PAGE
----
Philadelphia's acting police commissioner apologizes for having worn a controversial LAPD shirt

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Philadelphia's acting police commissioner apologized this week for having worn an LAPD T-shirt that many perceive to be a reference to the Los Angeles police beating of Rodney King, The Philadelphia Inquirer reported.

The shirt Christine M. Coulter wore in the 1990s read: "L.A.P.D. We Treat You Like a King."

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In her apology, Coulter said she didn't recognize at the time that the shirt could have been perceived as a reference to King. She has previously said she had "never even thought of it as anything other than an L.A.P.D." shirt, the news outlet reported.

King was beaten by LAPD officers in March 1991 after leading police on a high-speed chase through Los Angeles County. A recording of the beating showed King being struck by police batons more than 50 times. He suffered 11 fractures and other injuries. The acquittal of four white LAPD officers involved sparked violent riots across Los Angeles that left more than 50 people dead and more than 2,000 injured.

    The beating, riots and aftermath forever changed the city, its police department and the race dialogue in America. In 2012, King was found dead in his swimming pool.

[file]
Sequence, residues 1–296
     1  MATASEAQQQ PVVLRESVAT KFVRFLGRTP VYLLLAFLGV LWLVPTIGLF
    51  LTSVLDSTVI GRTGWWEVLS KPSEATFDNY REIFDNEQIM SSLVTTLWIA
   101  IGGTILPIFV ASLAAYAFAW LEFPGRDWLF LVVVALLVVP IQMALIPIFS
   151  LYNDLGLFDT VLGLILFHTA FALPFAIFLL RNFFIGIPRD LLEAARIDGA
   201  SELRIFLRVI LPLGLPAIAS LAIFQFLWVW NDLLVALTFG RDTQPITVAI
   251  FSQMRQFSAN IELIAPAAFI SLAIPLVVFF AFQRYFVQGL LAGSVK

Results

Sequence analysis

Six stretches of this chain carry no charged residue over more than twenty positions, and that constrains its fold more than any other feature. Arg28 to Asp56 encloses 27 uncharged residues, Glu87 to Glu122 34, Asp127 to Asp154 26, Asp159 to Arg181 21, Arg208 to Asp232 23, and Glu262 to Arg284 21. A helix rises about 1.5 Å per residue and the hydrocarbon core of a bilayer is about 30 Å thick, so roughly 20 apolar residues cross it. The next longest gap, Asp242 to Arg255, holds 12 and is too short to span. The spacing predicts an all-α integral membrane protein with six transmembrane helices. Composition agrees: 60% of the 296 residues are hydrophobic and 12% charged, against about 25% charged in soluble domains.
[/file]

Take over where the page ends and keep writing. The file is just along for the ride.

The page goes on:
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    On Tuesday, Coulter called wearing the shirt a "careless decision."

    "I am profoundly sorry that anything I would've done could've caused such hurt," she said.

    Coulter's apology comes shortly after The Inquirer's report last week that she had been photographed wearing the shirt as a young police officer.

    During the Tuesday meeting during which Coulter made her remarks, Philadelphia City Councilwoman Cindy Bass said she had written to Philadelphia Mayor Jim Kenney calling on the acting commissioner to "step down immediately," The Inquirer reported.

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      "It is inconceivable that she was unaware" of the T-shirt's apparent reference to the beating, Bass said.

      Last week, Kenney's spokesperson said the mayor understood that the shirt could be interpreted as a reference to King but believed Coulter's "recollection of her perception was truthful," The Inquirer said.

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